The federal government, he added, has also changed the immigration consultants industry from being self-regulating to government-regulated. “There’s repercussions and penalties” Sarai said, “but all of these do require the employee to report, and to report the irregularities or criminal activity or abuse.” Employment Standards also does audits to confirm if employers are actually employing these workers.

As for unpaid fines Sarai, who is also a lawyer, noted that getting a judgment is one thing but collecting on it “is the hardest part always.

“If the company doesn’t pay they usually are able to go after the directors of that company too, so I believe it is just a matter of time,” he said.

“The program overall is a fairly effective program and does really well, but there is a small amount of abuse that does happen and we probably need to do more and we’re always looking at different ways to plug those holes where abuse or misuse has taken place.”

Provincial Labour Minister Harry Bains, NDP MLA for Surrey-Newton, said his position has been – and always will be – that regardless of one’s immigration status or their arrangement is to work here, “every worker must be paid and protected just like any other worker.

“These are the few who take advantage by cheating their workers and cheating their competitors, which is not the right thing to do and I don’t think I would ever stand for that,” Bains said. The NDP government, when it was first formed, brought in the Temporary Foreign Worker Protection Act requiring that employers to register the employees and that all recruiters must be licensed if they are to recruit for an employer within B.C., he added.

“So what happens when a complaint comes to the Employment Standards branch about an employer who may not be complying with the laws, and if the Employment Standards Branch finds them in violation,” Bains explained, “that information then is shared with the federal counterparts so they can take action on their side.”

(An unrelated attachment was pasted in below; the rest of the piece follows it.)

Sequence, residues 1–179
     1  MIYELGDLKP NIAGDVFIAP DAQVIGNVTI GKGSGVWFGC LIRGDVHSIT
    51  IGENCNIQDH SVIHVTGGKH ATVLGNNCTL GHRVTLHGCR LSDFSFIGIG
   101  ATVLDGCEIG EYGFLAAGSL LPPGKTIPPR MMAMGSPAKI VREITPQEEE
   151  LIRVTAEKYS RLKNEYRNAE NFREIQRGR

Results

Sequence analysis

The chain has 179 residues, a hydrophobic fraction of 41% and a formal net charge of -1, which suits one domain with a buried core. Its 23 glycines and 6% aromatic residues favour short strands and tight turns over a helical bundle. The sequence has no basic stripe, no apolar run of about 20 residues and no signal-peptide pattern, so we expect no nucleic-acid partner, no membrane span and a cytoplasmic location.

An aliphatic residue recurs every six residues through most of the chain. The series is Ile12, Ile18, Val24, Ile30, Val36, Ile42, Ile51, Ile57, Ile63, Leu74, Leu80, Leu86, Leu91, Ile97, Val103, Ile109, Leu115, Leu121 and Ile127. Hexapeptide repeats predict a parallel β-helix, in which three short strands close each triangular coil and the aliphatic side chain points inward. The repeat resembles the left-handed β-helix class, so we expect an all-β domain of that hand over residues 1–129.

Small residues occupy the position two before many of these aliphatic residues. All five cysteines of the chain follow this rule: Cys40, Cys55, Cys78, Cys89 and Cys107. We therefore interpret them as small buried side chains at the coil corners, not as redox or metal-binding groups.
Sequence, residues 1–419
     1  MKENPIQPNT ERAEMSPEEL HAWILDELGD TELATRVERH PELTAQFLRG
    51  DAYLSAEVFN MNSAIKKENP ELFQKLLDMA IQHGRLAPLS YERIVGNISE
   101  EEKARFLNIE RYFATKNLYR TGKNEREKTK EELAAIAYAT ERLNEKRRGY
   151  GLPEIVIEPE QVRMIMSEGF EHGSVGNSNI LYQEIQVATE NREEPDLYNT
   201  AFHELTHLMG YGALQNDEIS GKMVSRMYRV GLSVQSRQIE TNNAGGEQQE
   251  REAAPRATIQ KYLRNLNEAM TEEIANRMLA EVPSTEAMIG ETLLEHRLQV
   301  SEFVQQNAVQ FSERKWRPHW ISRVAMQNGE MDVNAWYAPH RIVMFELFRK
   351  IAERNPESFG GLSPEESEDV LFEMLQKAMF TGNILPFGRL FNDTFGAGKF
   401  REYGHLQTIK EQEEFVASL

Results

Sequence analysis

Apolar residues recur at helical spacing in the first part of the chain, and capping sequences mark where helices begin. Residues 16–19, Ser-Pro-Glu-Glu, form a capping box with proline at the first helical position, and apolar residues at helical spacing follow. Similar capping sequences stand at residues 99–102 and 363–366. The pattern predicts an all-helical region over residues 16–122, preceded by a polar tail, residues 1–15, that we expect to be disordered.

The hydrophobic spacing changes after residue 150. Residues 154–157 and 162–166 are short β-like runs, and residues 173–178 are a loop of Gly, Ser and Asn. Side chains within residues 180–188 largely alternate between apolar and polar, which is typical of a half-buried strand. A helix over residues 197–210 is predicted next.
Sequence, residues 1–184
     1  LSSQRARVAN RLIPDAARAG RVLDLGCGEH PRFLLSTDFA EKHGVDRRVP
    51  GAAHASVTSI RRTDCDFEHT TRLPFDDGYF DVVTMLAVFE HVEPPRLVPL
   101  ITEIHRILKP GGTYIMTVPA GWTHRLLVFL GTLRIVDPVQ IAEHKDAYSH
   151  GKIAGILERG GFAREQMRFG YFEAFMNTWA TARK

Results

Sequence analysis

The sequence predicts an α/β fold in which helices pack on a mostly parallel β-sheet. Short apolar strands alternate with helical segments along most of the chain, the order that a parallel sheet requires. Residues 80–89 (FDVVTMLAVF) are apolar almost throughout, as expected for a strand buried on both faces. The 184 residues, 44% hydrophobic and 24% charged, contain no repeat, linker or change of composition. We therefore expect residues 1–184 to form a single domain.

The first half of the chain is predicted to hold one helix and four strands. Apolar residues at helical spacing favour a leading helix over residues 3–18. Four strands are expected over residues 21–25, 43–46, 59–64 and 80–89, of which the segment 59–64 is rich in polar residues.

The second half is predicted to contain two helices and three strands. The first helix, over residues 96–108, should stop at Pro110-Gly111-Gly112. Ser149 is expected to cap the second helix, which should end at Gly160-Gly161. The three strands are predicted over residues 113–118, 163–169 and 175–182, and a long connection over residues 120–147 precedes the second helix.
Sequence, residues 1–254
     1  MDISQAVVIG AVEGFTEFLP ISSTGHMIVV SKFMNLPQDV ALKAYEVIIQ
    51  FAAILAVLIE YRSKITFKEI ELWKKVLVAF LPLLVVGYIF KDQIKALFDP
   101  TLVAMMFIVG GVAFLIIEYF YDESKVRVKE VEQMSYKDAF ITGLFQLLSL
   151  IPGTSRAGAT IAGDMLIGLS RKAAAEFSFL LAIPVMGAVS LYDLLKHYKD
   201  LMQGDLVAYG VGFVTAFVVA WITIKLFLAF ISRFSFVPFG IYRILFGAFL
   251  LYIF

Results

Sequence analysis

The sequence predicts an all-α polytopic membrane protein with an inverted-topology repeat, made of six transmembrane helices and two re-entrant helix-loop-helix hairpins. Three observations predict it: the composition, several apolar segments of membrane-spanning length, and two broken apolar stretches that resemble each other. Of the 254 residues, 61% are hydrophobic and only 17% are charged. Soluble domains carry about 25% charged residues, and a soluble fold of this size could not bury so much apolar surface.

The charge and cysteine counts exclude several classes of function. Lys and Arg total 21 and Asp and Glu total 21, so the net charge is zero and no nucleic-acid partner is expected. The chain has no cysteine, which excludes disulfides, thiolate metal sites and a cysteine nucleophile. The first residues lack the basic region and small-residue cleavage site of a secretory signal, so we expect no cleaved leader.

The provincial government then unregisters the employer and it wouldn’t be able to hire temporary foreign workers, Bains said, “because the federal government requires them to be registered with us as well. If they are not registered with us they will not be able to hire a temporary foreign worker going forward, period.”

Bains said he’s aware of LMIAs or sponsorship letters being sold, “and they’re not supposed to be sold. I have asked my federal counterparts numerous times that there should not be that requirement.

If it’s known what sectors are facing a shortage, the labour minister said, “then why don’t we just issue work permits in that sector to those qualified who are applying to work here as a temporary foreign worker, then there’s no need for that letter which I’m told is being sold for a lot of money, which is illegal.”

“At the end of the day,” Bains said of the federal government, “it is their file, it’s their responsibility and we’re doing everything we can at the provincial level, through the Temporary Foreign Worker Protection Act, but if there are areas of loopholes and gaps that some bad actors are using to make a lot of money on the backs of the temporary foreign workers, then we should close those gaps.”